Figure 7 shows the January 1997 high state Hubble Space Telescope GHRS spectra of AM Her at orbital phases $\phi =0.1$ and $\phi =0.5$from Gänsicke et al. (1998) as grey curves (compare the illustrations in Fig. 5). The spectra display strong Doppler-broadened asymmetric emission lines of C III $\lambda 1176$, Si III $\lambda 1207$, ${{\rm Ly\alpha}}$ $\lambda 1216$, N V $\lambda 1239,1243$, Si III $\lambda1299,1303$, C II/C II $^*\lambda 1335$, and Si IV $\lambda 1394,1403$, which originate in the accretion stream. We estimate the continuum flux associated with the stream emission as follows. Gänsicke et al. (2005) have compared the $\it FUSE$ spectra of AM Her at different accretion levels and find a wavelength-independent stream contribution to the continuum flux for the June 2000 high state of 0.4 $\times $ 10-13  ${\rm erg~cm}^{-2}~{\rm s}^{-1}~{\rm\AA}^{-1}$. Converted to the brighter January 1997 high state, this contribution is about 0.6 $\times $ 10-13  ${\rm erg~cm}^{-2}~{\rm s}^{-1}~{\rm\AA}^{-1}$. Priedhorsky et al. (1978, their Fig. 1) observed this component with U-band and V-band fluxes of 0.6 and 0.2 $\times $ 10-13  ${\rm erg~cm}^{-2}~{\rm s}^{-1}~{\rm\AA}^{-1}$, respectively, and noted that it decreases in the infrared as $1/\lambda^2$. Figure 7 shows the calculated spectra at $\phi =0.1$ and $\phi =0.5$ with the stream contribution (dashed line) added. The resulting model spectra are seen to provide an adequate fit to the observed continuum specta at both orbital phases simultaneously (Fig. 7, solid curves). The eye fit fixes the fractional luminosity intercepted and reemitted by the extended spot to 2.3 $\times $ 1032  ${\rm erg~s}^{-1}$, of the order of 10% of the bolometric luminosity. At a height of 0.1  $R_{\rm wd}$, the white dwarf subtends a solid angle of $1.2\pi$ and the implied total luminosity of the irradiation source would be 7.7 $\times $ 1032  ${\rm erg~s}^{-1}$, but this number may be misleading because it depends on the actual height of the source and its angular emission characteristics. Presently, we prefer simply to compare the integrated model flux for $\phi =0.1$ at Earth with the observed fluxes of the potential irradiation sources, which contribute to the heating of the polar cap. The model flux longward of 912 Å at $\phi =0$ is 3.3 $\times $ 10-10  ${\rm erg~cm}^{-2}~{\rm s}^{-1}$, but an additional 6.0 $\times $ 10-10  ${\rm erg~cm}^{-2}~{\rm s}^{-1}$ or 65% of the total is hidden in the Lyman continuum. This large fraction of the Lyman continuum flux has not so far been considered in the energy balace of AM Her, but its existence is supported by the observed pronounced Balmer and Paschen jumps in emission in AM Her's high state (Schachter et al. 1991). The fluxes of the irradiation sources at Earth appropriate for the January 1997 high state include a cyclotron flux of 2.0 $\times $ 10-10  ${\rm erg~cm}^{-2}~{\rm s}^{-1}$ (Bailey et al. 1988, see also Gänsicke et al. 1995), a stream contribution for $\lambda > 912$ Å of 3.3 $\times $ 10-10  ${\rm erg~cm}^{-2}~{\rm s}^{-1}$ plus probably a substantial Lyman continuum flux, and a hard X-ray flux converted from the April 1991 high state value of 1.3 $\times $ 10-10  ${\rm erg~cm}^{-2}~{\rm s}^{-1}$ (Gänsicke et al. 1995) to 1.6 $\times $ 10-10  ${\rm erg~cm}^{-2}~{\rm s}^{-1}$, assuming that the conversion factor is the same as in the FUV. The cyclotron flux complemented by fractions of the stream and hard X-ray components can account for the observed flux of the heated polar cap longward of 912 Å. The predicted Lyman continuum flux from the polar cap requires an additional source. Candidates are the Lyman continuum emission from the lower section of the optically translucent accretion stream and the potential soft X-ray emission from a spray of accreted matter lifted above the photosphere of the white dwarf as a reaction to the drastic fluctuations in ram pressure which occur in non-stationary accretion. It is clear that the hard X-ray source can not play a major role because of its limited luminosity and the low conversion efficiency of hard X-rays, as addressed in the next section.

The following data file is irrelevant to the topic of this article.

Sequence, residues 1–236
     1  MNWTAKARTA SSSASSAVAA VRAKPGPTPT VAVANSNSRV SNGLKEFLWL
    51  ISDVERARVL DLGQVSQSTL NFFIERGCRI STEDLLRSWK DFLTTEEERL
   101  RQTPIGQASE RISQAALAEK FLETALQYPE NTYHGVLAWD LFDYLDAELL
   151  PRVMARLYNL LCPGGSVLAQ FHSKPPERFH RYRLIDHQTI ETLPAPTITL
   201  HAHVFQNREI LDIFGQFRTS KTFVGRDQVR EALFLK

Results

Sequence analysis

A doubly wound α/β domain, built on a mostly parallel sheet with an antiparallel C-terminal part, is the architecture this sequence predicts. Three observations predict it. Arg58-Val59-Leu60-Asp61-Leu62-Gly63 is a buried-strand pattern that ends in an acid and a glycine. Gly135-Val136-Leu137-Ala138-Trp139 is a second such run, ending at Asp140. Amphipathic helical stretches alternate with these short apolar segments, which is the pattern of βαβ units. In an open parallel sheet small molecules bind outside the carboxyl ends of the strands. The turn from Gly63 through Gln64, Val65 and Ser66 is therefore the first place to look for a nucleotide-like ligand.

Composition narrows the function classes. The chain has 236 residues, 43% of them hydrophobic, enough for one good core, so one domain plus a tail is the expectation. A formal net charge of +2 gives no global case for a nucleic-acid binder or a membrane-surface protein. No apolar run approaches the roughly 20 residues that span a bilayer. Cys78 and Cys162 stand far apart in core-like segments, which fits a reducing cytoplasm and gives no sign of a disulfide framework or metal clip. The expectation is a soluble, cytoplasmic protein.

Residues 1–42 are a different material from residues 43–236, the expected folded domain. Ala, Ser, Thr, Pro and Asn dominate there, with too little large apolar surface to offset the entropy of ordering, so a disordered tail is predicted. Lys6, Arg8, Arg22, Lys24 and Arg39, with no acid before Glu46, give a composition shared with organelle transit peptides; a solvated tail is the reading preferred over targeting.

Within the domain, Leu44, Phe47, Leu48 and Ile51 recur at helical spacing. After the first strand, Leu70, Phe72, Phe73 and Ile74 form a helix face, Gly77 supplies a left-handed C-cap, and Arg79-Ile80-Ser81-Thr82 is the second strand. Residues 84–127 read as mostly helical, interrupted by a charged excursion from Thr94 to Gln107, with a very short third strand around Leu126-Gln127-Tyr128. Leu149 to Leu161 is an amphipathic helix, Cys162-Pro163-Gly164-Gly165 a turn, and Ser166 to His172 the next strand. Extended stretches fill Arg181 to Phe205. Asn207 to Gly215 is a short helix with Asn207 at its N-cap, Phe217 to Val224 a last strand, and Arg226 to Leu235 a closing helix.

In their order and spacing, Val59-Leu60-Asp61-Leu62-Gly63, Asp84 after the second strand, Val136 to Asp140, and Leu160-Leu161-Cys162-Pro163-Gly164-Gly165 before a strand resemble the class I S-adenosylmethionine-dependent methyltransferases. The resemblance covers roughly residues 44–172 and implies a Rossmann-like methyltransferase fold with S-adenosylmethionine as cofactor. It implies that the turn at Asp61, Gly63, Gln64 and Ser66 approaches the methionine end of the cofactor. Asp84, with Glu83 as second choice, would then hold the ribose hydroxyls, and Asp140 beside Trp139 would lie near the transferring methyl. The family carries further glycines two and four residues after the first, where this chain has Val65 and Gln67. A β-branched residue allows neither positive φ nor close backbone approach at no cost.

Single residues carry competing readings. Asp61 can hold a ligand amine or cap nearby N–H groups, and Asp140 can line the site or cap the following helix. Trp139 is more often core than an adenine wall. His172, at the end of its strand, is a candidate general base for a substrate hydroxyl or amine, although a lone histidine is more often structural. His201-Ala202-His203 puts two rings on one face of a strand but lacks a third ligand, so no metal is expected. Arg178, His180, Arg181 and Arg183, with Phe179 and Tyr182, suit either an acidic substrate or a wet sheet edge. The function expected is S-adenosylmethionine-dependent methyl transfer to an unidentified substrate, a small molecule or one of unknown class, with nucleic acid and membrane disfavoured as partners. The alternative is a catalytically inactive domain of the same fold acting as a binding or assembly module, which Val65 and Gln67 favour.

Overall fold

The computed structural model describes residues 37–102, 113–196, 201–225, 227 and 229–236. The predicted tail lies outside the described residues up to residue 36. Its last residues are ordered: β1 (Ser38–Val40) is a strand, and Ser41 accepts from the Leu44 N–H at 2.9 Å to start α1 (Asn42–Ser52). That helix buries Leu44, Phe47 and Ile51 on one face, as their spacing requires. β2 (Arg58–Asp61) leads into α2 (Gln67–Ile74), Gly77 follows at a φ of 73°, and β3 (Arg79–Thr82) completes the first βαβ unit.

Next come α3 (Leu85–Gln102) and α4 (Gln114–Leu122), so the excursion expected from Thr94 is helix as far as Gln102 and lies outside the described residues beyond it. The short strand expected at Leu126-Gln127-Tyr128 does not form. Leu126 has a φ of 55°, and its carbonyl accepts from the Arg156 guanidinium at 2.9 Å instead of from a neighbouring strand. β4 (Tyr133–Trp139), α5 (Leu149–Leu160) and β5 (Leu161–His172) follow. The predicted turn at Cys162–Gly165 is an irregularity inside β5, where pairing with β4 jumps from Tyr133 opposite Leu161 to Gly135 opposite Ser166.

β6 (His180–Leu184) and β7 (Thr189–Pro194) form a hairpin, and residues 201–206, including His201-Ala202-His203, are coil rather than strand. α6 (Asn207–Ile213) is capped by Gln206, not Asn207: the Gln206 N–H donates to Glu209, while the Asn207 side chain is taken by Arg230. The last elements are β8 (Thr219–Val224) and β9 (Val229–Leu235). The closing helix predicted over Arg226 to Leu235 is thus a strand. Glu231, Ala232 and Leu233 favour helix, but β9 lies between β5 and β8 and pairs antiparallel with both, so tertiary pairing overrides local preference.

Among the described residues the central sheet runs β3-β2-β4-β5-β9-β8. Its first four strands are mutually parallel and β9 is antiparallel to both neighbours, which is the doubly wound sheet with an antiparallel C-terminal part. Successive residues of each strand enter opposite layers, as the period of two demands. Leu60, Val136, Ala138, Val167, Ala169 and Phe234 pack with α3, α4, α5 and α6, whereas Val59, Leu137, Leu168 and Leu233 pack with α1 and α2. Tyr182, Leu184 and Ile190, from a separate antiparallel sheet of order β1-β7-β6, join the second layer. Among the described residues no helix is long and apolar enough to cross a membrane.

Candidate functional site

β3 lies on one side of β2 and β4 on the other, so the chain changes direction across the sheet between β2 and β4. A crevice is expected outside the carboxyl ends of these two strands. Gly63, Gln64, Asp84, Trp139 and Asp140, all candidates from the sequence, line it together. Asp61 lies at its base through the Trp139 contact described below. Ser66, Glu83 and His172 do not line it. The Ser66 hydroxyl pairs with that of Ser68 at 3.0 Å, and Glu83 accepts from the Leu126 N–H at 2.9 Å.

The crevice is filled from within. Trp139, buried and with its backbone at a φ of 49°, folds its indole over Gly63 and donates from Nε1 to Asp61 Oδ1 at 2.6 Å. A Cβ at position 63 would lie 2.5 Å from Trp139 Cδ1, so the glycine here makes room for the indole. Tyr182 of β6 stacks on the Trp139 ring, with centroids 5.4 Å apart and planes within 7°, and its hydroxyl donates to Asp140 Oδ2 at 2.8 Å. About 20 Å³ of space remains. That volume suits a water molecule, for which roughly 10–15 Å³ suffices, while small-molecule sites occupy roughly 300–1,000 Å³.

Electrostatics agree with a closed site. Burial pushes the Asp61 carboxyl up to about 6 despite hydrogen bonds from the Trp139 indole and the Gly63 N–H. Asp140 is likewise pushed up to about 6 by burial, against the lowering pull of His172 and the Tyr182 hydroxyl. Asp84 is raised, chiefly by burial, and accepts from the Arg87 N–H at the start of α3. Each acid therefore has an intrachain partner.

6 Discussion

We have quantitatively reproduced the 1150-1450 Å continuum spectra of AM Her in its high state of accretion by a model that considers a large polar cap heated by irradiation from the accretion region. Irradiation strongly affects the temperature stratification of the white dwarf atmosphere in the heated polar cap. Strong heating leads to an inversion of the radial temperature profile in the atmosphere, causes the Lyman absorption lines to fill up completely, and produces substantial emission in the Lyman continuum. The known irradiation sources can account for the observed reprocessed flux longward of the Lyman limit, but an additonal source is needed to account for the predicted Lyman continuum flux. The implied luminosity of the polar cap is larger than considered previously (Gänsicke et al. 1995) and stresses the point that the reprocessed flux emerges primarily in the FUV and not in the soft X-ray regime as predicted by the early simple models of polars (King & Lasota 1979; Lamb & Masters 1979).